FINC 3330 - Chapter 7 (Equity Markets and Stock Valuation) I. Stock Market Securities A. Common Stock B.

Preferred Stock II. Stock Returns III. Stock Valuation A. Valuation of Common Stock B. Valuation of Preferred Stock

I. Stock Market Securities A. Common Stock is the fundamental ownership claim in a public corporation. Common stock is characterized by: (1) discretionary dividend payments. Common stockholders have no special or guaranteed rights to dividend payments. The major disadvantage of dividend payments is that they are taxed twice (once at the corporation level since dividends are paid from the after-tax income, and once at individual level since individuals must pay personal income taxes on any dividends they receive). As a result, many investors prefer capital gains (increases in the stock price over time), since capital gains have the advantage of being taxed at a lower level. (2) residual claim. Dividends on common stock may be paid only after all creditors and preferred bondholders have been paid. (3) limited liability. Common stockholders losses are limited to the amount invested. (4) voting rights. Common stockholders do not exercise any control over the firm’s daily activities. However, through voting, shareholders can: elect the board of directors; amend the charter on bylaws; approve mergers; authorize different classes of shares. B. Preferred Stock is a hybrid security that has characteristics of both bonds and common stock.. Briefly, these characteristics include: (1) par value; (2) dividend payments – dividend is usually fixed and stated either as a dollar amount or as a percent of face value; (3) preferred stock is senior in the order of claim to common stock but junior to bonds – because of this feature, preferred stock has higher risk than bonds; (4)no voting rights under ordinary circumstances; (5) although taxes on preferred dividends are paid by both the issuer and the investor, corporate investors have the advantage of paying taxes on only 20-30 percent of the preferred dividends received – because of the preferential tax treatment of corporate investors, companies issue preferred stock at lower rates than bonds; as a result, preferred stock is a good investment for corporate investors, however it is a poor investment for individual investors since for higher risk they receive a lower after-tax yield than for bonds. II. Stock Returns The annual percentage return on a stock is: R(%) = Capital Gains Yield + Dividend Yield, where: Capital Gains Yield = (P1- P0)/ P0, Dividends Yield = D1/ P0, with P1 the stock price at the end of the year; P0 the stock price in the beginning of the year; and D1 the annual dividend received by the shareholder.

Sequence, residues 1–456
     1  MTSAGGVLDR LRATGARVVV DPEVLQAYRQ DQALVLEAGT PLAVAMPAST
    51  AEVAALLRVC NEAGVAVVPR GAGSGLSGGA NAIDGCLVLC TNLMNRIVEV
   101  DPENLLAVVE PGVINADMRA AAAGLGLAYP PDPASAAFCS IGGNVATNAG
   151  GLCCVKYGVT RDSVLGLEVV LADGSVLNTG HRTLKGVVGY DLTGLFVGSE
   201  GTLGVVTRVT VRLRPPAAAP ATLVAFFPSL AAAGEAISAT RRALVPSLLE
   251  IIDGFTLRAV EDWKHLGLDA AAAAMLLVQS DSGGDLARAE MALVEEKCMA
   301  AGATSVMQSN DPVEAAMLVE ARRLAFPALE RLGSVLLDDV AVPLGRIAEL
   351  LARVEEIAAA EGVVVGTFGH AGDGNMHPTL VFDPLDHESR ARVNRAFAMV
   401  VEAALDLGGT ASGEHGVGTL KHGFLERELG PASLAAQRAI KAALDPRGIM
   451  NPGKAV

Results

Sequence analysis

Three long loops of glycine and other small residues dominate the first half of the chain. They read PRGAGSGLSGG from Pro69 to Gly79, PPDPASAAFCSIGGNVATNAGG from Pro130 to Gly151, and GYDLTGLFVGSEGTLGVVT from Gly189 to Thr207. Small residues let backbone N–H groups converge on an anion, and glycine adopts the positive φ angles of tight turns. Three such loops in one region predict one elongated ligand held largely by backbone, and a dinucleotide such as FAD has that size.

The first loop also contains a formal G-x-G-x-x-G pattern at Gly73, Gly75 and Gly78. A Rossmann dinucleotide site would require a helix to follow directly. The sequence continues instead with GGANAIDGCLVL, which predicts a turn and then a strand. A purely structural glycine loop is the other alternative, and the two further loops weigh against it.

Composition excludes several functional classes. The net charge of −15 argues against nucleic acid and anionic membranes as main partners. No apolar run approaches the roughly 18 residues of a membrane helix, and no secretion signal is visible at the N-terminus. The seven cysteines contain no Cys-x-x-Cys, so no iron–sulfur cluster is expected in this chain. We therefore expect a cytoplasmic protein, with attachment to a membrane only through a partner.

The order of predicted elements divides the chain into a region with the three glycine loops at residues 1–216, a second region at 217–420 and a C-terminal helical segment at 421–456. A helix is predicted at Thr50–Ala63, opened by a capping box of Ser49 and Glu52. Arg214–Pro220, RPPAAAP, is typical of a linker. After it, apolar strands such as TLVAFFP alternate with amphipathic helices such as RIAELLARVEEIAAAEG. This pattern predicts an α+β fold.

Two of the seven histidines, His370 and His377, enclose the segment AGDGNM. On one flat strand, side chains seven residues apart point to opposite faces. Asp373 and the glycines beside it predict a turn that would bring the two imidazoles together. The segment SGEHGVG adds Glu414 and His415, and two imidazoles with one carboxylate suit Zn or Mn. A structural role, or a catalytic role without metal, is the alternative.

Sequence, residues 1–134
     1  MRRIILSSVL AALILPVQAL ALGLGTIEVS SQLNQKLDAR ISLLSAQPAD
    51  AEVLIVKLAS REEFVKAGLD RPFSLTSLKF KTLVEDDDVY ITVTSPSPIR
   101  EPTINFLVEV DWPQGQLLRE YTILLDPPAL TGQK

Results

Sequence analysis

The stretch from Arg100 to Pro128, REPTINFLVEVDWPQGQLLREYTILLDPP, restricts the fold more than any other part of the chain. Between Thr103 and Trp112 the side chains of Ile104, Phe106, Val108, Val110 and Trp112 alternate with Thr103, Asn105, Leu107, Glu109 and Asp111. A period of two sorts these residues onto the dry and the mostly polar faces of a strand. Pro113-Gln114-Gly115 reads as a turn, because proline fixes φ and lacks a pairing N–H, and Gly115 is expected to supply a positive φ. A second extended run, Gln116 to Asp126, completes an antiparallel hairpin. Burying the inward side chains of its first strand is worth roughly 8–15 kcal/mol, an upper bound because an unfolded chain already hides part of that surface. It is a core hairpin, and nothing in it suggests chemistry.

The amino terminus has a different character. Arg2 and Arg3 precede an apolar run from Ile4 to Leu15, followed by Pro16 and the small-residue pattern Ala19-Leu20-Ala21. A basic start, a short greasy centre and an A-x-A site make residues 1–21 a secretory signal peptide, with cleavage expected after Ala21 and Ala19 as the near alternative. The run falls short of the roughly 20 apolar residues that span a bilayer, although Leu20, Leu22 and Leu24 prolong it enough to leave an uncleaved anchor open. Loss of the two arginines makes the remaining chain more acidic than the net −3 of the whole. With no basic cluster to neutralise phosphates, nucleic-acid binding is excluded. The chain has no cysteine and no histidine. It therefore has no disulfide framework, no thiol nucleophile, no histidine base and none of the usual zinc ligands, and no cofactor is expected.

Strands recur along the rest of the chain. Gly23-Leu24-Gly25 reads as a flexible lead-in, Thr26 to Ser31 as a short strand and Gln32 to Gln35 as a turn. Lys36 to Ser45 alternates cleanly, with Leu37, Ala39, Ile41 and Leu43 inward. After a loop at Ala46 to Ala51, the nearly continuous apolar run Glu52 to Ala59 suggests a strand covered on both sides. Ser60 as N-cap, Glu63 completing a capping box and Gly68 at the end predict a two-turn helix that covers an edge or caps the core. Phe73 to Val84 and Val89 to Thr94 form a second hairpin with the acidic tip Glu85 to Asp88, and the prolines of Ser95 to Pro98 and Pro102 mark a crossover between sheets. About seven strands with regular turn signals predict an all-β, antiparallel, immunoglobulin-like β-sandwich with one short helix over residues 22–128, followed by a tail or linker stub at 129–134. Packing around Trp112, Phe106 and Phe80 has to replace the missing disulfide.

III. Stock Valuation A. Valuation of Common Stock In order to determine the value of common stock, we will consider three situations: (1) Zero Growth in Dividends Forever. (D=D0= D1= D2=…= Dt=…). In this case, the stock is valued as a perpetuity. (2) Constant Growth in Dividends (Gordon Model). (In any period t, Dt = D0*(1+g)t). In order to use this model, the company must have dividends and r>g. The Gordon Model says that PV = D0*(1+g)/(r-g) = D1/(r-g), where D0 is the current dividend or the dividend that was just paid; D1 is the next expected dividend; r is the required rate of return; g is the growth rate. Using the Gordon Model, we can calculate: a. the required rate of return on the stock: r = (D1 / PV) + g b. the constant growth rate: g = r - (D1 / PV)

Note that for the case of constant growth dividends: g (the constant growth rate) = the capital gains yield. This is only true for the Gordon Model!!! Also note that (D1 / PV) = the dividend yield. (3) Non-Constant Growth in Dividends. Firms often experience periods of non-constant dividend growth, after which the dividend is settled at some constant rate. To obtain the present value of such a stock, you add the present value of the dividends during the non-constant growth period with the present value of the constant growth period. B. Valuation of Preferred Stock: Preferred stock is valued as a perpetuity.

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